The number of pluses per revolution of a plurality of the pulse generators (electric motors) are made hypothetically the same by calculating the coefficients of coefficient units 17 and 18 and the counted values of integrating counters 15 and 16 as described above.

The pulse counter for both electric motors 1 and 2 as described above includes the pulse converters 9 and 11, the rotation direction detectors 10 and 12, the integrating counters 15 and 16, the coefficient units 17 and 18, and the multipliers 19 and 20, whereby a signal indicative of the rotation angle of each electric motor is ensured on the outputs of the multipliers 19 and 20.

A phase difference between the different electric motors is ensured by using adder/subtractor 21 for adding/subtracting the outputs of multipliers 19 and 20, and pulse counter unit 22 for counting an output of adder/subtractor 21, and inputting a deviation between processed results of the outputs of multipliers 19 and 20. The just-mentioned processing is also unnecessary to be executed each time the pulse outputs from pulse generators 3 and 4 and the zero phase pulse output are inputted, for example, adder/subtractor 21 and the pulse counter unit 22 may be constructed with MPUs as described above, and a value corresponding to the angle of rotation of an electric motor is sampled at a time required for the control to calculate a deviation therebetween.

Although in the above embodiment there were exemplarily illustrated the case with the two electric motors, it is a matter of course that a case with three or more electric motors can be constructed in the same manner.

As described above, the present invention is adapted such that an integrating counter is provided for each electric motor for counting a pulse output generated in response to the rotation angle of the electric motor, which counter is cleared with a zero phase pulse signal generated for each revolution of the electric motor, whereby the integrating counter can be constructed more simply,and the integrating counter can count high speed pulses even when the high speed pulses are generated from the pulse generator.

A multiplier is provided for correcting the number of pulses of a pulse generator whereby the number of pulses per revolution can be corrected even when there is used the pulse generator where the number of pulses generated for one revolution is different for each installation.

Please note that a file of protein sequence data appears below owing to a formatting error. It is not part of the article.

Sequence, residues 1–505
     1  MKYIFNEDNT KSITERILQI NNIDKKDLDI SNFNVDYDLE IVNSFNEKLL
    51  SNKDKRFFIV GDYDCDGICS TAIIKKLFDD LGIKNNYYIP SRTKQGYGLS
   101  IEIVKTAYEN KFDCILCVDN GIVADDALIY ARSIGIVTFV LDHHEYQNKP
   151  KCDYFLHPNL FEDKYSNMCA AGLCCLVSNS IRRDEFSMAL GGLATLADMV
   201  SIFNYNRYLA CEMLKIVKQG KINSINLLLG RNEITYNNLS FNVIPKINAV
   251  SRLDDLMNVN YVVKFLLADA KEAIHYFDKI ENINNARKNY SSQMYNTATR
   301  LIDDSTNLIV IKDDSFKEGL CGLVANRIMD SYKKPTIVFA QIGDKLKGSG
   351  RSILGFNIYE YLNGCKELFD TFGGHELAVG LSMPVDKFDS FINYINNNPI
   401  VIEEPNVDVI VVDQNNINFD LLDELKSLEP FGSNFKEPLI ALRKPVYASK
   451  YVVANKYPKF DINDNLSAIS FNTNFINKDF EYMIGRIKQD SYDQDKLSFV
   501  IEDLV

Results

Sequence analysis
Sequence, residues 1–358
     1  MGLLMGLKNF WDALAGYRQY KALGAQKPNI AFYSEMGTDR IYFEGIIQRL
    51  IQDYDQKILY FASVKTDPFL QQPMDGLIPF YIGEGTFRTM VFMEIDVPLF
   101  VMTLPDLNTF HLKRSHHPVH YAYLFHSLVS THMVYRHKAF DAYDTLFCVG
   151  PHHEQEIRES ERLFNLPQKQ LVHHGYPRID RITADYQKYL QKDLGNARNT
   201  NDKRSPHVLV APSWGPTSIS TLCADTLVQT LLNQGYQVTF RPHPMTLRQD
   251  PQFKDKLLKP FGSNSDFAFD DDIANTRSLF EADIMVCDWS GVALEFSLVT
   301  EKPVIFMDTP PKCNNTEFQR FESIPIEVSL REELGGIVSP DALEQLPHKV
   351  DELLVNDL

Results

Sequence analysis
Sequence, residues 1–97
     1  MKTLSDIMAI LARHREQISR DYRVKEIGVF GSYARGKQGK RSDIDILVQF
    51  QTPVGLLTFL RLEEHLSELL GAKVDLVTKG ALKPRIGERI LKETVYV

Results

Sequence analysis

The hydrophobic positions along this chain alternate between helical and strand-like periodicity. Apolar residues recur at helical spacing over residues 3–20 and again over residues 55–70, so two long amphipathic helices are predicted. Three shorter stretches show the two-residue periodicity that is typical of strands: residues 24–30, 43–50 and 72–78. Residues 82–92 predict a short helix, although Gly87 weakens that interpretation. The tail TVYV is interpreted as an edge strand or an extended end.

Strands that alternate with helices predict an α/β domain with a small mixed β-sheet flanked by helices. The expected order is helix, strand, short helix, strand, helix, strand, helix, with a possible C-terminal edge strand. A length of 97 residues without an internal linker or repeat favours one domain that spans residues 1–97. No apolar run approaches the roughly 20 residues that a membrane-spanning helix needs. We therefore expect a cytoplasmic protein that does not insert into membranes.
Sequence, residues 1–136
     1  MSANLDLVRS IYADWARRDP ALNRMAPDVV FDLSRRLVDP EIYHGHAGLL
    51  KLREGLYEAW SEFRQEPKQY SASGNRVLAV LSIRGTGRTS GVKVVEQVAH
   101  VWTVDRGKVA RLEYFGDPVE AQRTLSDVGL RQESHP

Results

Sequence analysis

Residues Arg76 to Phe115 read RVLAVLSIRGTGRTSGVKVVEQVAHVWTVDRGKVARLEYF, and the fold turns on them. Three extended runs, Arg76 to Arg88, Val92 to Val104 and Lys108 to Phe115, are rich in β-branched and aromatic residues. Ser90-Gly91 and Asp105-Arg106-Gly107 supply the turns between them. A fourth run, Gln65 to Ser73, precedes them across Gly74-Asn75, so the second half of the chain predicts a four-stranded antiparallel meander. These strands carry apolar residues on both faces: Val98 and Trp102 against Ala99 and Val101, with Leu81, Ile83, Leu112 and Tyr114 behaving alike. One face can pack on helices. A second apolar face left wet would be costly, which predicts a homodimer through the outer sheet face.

Operation processing by the foregoing multiplier is executed only with required sampling, whereby the operation responses to a high speed pulse generator to correct the number of pulses per revolution of a different pulse generator.

The foregoing functions are installed for each electric motor to calculate a deviation between outputs of the multipliers, whereby a phase difference between the electric motors can be detected highly accurately at a high speed which ensures a practically very useful function.

Patent Citations
Cited PatentFiling datePublication dateApplicantTitle
US5423192 *Aug 18, 1993Jun 13, 1995General Electric CompanyElectronically commutated motor for driving a compressor
US5929578 *Mar 5, 1998Jul 27, 1999Honda Giken Kabushiki KaishaControl process in a motor driving control unit
Referenced by
Citing PatentFiling datePublication dateApplicantTitle
US6417643Apr 20, 2001Jul 9, 2002Kabushiki Kaisya Tokyo Kikai SeisakushoSynchronous control device
US6466890Aug 1, 2000Oct 15, 2002Kabushiki Kaisya Tokyo Kikai SeisakushoDevice for detecting rotational position deviation
US8164295 *Apr 22, 2009Apr 24, 2012Fuji Xerox Co., Ltd.Stepping motor controlling device, method, and storage medium
US20100141200 *Apr 22, 2009Jun 10, 2010Fuji Xerox Co., Ltd.Stepping motor controlling device, method, and storage medium
Classifications
U.S. Classification377/16, 377/49, 377/47, 377/2
International ClassificationG01D5/242, H02P5/52
Cooperative ClassificationH02P5/52
European ClassificationH02P5/52
Legal Events
DateCodeEventDescription
Mar 5, 2013FPExpired due to failure to pay maintenance fee
Effective date: 20130116
Jan 16, 2013LAPSLapse for failure to pay maintenance fees
Aug 27, 2012REMIMaintenance fee reminder mailed
Jun 17, 2008FPAYFee payment
Year of fee payment: 8
Feb 11, 2004FPAYFee payment
Year of fee payment: 4
Jul 6, 1999ASAssignment
Owner name: KABUSHIKI KAISHA TOKYO KAKAI-SEISAKUSHO, JAPAN
Free format text: ASSIGNMENT OF ASSIGNORS INTEREST;ASSIGNOR:SHIBA, NORIYUKI;REEL/FRAME:010088/0991
Effective date: 19990628
Owner name: KABUSHIKI KAISYA TOKYO KIKAI SEISAKUSHO, JAPAN
Free format text: ASSIGNMENT OF ASSIGNORS INTEREST;ASSIGNOR:TOYODENKI SEIZO K.K.;REEL/FRAME:010088/0995
Owner name: TOYODENKI SEIZO K.K., JAPAN
Free format text: ASSIGNMENT OF ASSIGNORS INTEREST;ASSIGNOR:KOTANI, IKUO;REEL/FRAME:010088/0993
Effective date: 19990622